Dr. Robert Joy gives a short overview of the hybrid procedurein which a cardiothoracic surgeon and an electrophysiologist work together in a single procedure; How it opens up a new opportunity for A-Fib patients with difficult cases of Atrial Fibrillation (1:26) Dr. Robert Joy is an an Interventional Cardiologist with Ellis Medicine. Go to video->
Intermediate Level:For the more informed reader who wants to go beyond the basics of atrial fibrillation.
A medical description of the mechanism and effects of Atrial Fibrillation (i.e., initiating triggers, abnormal substrate, electrical and structural remodeling, blood stasis and hypercoagulable state, etc.). Animation with narration.
3:24 min. Uploaded by OverdrivePacing, Feb 8, 2012 Go to video->
The Zio® Patch cardiac monitor (iRhythm) looks similar to a 2-by-5-inch adhesive bandage and sticks to a patient’s chest. Electrophysiologist Steven Higgins, MD of Scripps Health talks about this single-use ambulatory, continuously cardiac monitor for up to 14 days. No need to removal during exercise, sleeping or bathing. May 2012 TV news story. (1:52 min.) Go to video->
(FYI: Steve wore one of these last year after a colonoscopy caused an irregular heartbeat, which proved to be a one-time occurrence.)
Note: Electrical cardioversion isn’t the same as the emergency heart shocking procedure often seen on TV programs. It’s planned in advance and done under carefully controlled conditions.
About this video, Freddyp321 wrote: “After having cardioversion 7 times, I asked a nurse to video the procedure. I never remembered any pain or yelling out. Seeing this video really upset me and I decided to have a cardio ablation…. I haven’t had an episode of afib since…. I posted this video because I thought it might help people who are concerned about Atrial Fibrillation.” (1:20) Go to video->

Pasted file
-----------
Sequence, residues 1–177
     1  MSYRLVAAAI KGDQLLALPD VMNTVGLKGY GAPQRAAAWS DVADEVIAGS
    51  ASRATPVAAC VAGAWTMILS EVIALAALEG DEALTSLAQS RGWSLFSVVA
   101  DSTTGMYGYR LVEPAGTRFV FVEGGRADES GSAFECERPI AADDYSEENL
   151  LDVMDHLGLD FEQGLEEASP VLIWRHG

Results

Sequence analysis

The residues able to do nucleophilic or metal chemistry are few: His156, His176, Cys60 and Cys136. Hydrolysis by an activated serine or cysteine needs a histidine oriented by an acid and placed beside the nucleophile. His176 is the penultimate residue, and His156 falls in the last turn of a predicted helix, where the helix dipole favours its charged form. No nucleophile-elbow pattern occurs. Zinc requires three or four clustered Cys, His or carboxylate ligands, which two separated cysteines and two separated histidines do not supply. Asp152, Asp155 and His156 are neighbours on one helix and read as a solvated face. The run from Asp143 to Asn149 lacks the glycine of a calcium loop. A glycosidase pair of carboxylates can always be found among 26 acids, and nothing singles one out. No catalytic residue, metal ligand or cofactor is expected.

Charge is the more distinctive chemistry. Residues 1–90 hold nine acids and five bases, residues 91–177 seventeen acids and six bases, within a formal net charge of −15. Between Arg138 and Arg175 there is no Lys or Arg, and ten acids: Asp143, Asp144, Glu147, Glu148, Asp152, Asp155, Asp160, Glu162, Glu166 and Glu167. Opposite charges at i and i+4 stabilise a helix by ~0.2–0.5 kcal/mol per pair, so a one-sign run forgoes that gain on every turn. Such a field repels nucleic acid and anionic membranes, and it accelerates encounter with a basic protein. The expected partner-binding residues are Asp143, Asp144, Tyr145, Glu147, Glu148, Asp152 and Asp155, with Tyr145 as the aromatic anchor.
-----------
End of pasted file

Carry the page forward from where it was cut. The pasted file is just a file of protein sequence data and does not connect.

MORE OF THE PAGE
Cardiologists from the Cleveland Clinic describe the catheter ablation procedure for the treatment of atrial fibrillation (A-Fib), what it is, how it’s done and what results can be expected. Excellent animations. (4:00 min.) Go to video->
Dr. Robert S. Fishel in the EP lab, describes and demonstrates mapping technology and use of the catheter during an in-progress ablation. Dr. Fishel is Director of Cardiac Electrophysiology at JFK Medical Center in West Palm Beach. (2:50 min.) Go to video->
The heart’s left atrial appendage (LAA) is known to be a major source of blood clots that can lead to strokes. For some high-risk A-Fib patients, the WATCHMAN Left Atrial Appendage Closure device is implanted at the opening of the left atrial appendage (LAA) to trap blood clots before they exit the LAA. (1:04) Go to video->
For some high-risk patients, the LARIAT procedure is used to tie off the left atrial appendage thereby eliminating this source of clots. The heart’s left atrial appendage, is known to be a major source of blood clots that can lead to strokes. Features Dr. Eric Pena of the Asante Rogue Regional Medical Center. (1:24 min. excerpt.) Published Apr 11, 2013. Go to video->
Cardiothoracic surgeon Dipin Gupta, MD, discusses this minimally invasive surgical treatment for persistent atrial fibrillation. The Mini-Maze is done without open-heart surgery and using a small incision on the side of the chest. Dr. Gupta is with MedStar Heart Institute & Vascular Institute at MedStar Union Memorial Hospital. Published March 31, 2015, by MedStar and Cleveland Clinic (4:35) Go to video->
In-Depth/Advanced Level:For the reader wanting a more in-depth look inside the EP lab and surgery, and at advanced topics relating to atrial fibrillation. (May requires basic understanding of cardiac anatomy and A-Fib physiology.)
From LearnTheHeart.com – a FREE online cardiology resource for those seeking to increase their knowledge of ECG interpretation and cardiovascular diseases. Start with the ‘Atrial Fibrillation ECG Review‘. Go to website->
Endoscopic video of a beating heart; shows placement of the Left Atrial Appendage into the jaws of the stapling device before amputation and removal (using a EZ45 linear stapler). With voice-over narration, (1:34) Posted by BillSchnee. Go to video->
Emergency room medical personnel demonstrates the equipment, pads placement and procedures of cardioversion for a patient with Atrial Fibrillation. Close-up of the equipment display. Uploaded on Jan 5, 2012 (2:10) by Alfred Sacchetti. Go to video->
Cardiovascular Surgeon, Dr. William Harris describes the Mini-Maze. See surgery in progress. For A-Fib patients who can not tolerate blood thinners and thus do not qualify for a Catheter Ablation, the Mini-maze surgery is a highly effective way with an 85 to 95 percent success rate. Dr. Harris is with Baptist Medical Center in Jackson, Miss. (4:49 min.) Go to video->